Mike Quade, former manager of the Chicago Cubs, managed Iowa from 2003 to 2006. Playing at the renamed Principal Park, the Cubs ended the 2004 season at 79–64 giving them another division title.[24] This time, they defeated the Oklahoma RedHawks, 3–2, to win the American Conference championship.[21] In the best-of-five Pacific Coast League championship series, they lost to the Sacramento River Cats, 3–0.[21] In 2007, catcher Geovany Soto, with a .353 average, 26 home runs, and 109 RBI, won the PCL Most Valuable Player Award.[22][25] Led by PCL Manager of the Year Pat Listach,[22] the 2008 Cubs won the American Conference North Division (83–59),[26] but were beaten in the conference series by Oklahoma, 3–2.[21]

In 2010, the team was managed by Baseball Hall of Fame inductee Ryne Sandberg who was also selected as the league's Manager of the Year.[22] First baseman Bryan LaHair won the 2010 PCL MVP Award with his .331 average, 38 homers, and 109 RBI.[22][27] On May 7, 2014, Iowa starter Chris Rusin pitched a no-hitter against the New Orleans Zephyrs.[28] In May 2014, Manny Ramirez signed a contract as a part-time player/coach for the I-Cubs. In 2015, right-hander Carlos Pimentel won the PCL Pitcher of the Year Award after achieving a 12–6 record with 118 strikeouts and a 2.95 ERA.[22][29] The Cubs returned to the postseason in 2019 having won the division 75–65,[30] but were eliminated by the Round Rock Express in the American Conference series.[31]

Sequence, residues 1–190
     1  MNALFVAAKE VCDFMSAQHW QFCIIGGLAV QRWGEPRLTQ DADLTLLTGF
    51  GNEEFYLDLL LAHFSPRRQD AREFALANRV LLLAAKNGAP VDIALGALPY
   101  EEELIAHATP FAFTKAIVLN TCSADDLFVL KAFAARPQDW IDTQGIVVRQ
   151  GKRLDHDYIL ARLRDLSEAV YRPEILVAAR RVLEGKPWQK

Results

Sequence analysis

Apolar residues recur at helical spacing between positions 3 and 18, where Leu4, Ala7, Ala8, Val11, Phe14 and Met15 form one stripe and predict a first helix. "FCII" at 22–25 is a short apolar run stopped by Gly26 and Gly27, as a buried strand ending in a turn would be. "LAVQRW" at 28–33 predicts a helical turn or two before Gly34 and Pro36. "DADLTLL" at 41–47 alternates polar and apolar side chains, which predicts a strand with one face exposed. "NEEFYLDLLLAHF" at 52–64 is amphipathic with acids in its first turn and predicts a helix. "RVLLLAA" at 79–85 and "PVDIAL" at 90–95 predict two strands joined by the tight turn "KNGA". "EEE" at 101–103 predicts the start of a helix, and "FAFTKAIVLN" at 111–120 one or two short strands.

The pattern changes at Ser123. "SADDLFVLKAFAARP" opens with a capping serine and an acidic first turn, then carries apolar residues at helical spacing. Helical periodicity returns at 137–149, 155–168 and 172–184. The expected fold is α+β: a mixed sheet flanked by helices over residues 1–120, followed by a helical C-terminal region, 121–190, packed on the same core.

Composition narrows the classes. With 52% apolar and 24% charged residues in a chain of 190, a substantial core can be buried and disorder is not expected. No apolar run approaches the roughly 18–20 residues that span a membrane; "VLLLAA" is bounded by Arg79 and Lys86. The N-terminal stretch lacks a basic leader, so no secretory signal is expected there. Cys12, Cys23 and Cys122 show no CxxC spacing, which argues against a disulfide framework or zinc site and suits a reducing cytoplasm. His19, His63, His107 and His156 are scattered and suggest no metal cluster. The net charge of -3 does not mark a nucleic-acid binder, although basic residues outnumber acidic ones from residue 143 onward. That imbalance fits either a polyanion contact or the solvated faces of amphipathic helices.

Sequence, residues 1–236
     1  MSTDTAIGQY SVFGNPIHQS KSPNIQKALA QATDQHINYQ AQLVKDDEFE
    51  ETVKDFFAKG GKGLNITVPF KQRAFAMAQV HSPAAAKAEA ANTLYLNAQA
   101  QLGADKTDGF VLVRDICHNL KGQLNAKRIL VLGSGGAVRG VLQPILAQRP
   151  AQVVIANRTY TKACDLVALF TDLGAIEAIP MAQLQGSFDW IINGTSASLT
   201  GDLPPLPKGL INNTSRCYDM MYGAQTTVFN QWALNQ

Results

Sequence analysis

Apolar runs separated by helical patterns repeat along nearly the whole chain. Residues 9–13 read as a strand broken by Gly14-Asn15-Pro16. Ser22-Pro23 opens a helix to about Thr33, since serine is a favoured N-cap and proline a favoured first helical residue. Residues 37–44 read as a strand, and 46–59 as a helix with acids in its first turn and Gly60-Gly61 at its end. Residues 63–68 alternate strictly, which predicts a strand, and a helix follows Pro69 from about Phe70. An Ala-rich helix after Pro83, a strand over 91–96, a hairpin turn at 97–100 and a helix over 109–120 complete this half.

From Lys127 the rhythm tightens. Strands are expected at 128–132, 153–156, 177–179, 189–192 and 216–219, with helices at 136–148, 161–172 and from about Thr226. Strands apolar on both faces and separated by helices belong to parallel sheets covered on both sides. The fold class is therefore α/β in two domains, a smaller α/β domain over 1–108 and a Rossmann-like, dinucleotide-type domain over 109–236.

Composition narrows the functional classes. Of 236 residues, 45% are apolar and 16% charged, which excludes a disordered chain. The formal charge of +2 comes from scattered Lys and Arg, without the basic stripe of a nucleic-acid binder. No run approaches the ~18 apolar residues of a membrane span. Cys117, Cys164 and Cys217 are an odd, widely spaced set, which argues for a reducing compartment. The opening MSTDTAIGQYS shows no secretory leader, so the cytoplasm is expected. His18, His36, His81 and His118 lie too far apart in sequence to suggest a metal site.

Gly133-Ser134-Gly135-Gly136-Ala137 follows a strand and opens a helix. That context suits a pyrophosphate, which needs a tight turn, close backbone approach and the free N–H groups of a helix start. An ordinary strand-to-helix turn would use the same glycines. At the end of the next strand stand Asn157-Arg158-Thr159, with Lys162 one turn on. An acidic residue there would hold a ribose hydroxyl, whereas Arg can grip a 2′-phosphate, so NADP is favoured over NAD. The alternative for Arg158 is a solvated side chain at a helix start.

Many future Cubs stars have played in Des Moines before they were called up to Wrigley Field. Some notable I-Cubs alumni include Greg Maddux, Rafael Palmeiro, Mark Grace, Doug Glanville, Joe Carter, Corey Patterson, Carlos Zambrano, Kyle Farnsworth, Kerry Wood, Steve Trachsel, Tuffy Rhodes, Bruce Kimm, Shawon Dunston, Héctor Villanueva, Mark Prior, Sam Fuld, John Grabow, and Rod Beck. Wood and Prior both made rehabilitation starts for the I-Cubs in 2004 and 2005 before returning to the Chicago Cubs' active roster, and many Cubs players such as Derrek Lee, Daryle Ward, Alfonso Soriano, and Ryan Dempster have also made stops in Des Moines for rehab purposes. Many Cubs stars such as Kris Bryant, Kyle Schwarber, Anthony Rizzo, and Javier Baez made also stops in Iowa.

Season-by-season results

Finish The team's final position in the divisional standings
GB Games behind the team that finished in first place in the division that season
Class champions Class champions (1969–present)
League champions League champions (1969–present)
§ Conference champions (1998–present)